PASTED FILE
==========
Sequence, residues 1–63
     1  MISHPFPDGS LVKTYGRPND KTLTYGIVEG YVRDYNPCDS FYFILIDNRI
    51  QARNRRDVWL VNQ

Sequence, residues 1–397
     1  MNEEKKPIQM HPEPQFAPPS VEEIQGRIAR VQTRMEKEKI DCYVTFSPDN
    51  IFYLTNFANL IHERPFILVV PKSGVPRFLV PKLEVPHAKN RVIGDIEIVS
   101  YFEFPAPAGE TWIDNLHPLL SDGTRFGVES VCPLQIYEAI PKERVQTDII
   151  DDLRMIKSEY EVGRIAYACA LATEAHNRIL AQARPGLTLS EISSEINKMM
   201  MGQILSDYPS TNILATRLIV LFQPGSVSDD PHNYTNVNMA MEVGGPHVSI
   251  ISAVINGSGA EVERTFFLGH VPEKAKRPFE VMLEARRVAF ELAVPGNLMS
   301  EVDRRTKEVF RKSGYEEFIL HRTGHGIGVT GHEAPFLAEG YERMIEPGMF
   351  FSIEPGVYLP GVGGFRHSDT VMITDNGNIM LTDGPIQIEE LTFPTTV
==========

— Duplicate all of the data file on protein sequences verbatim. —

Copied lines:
Sequence, residues 1–63
     1  MISHPFPDGS LVKTYGRPND KTLTYGIVEG YVRDYNPCDS FYFILIDNRI
    51  QARNRRDVWL VNQ

Sequence, residues 1–397
     1  MNEEKKPIQM HPEPQFAPPS VEEIQGRIAR VQTRMEKEKI DCYVTFSPDN
    51  IFYLTNFANL IHERPFILVV PKSGVPRFLV PKLEVPHAKN RVIGDIEIVS
   101  YFEFPAPAGE TWIDNLHPLL SDGTRFGVES VCPLQIYEAI PKERVQTDII
   151  DDLRMIKSEY EVGRIAYACA LATEAHNRIL AQARPGLTLS EISSEINKMM
   201  MGQILSDYPS TNILATRLIV LFQPGSVSDD PHNYTNVNMA MEVGGPHVSI
   251  ISAVINGSGA EVERTFFLGH VPEKAKRPFE VMLEARRVAF ELAVPGNLMS
   301  EVDRRTKEVF RKSGYEEFIL HRTGHGIGVT GHEAPFLAEG YERMIEPGMF
   351  FSIEPGVYLP GVGGFRHSDT VMITDNGNIM LTDGPIQIEE LTFPTTV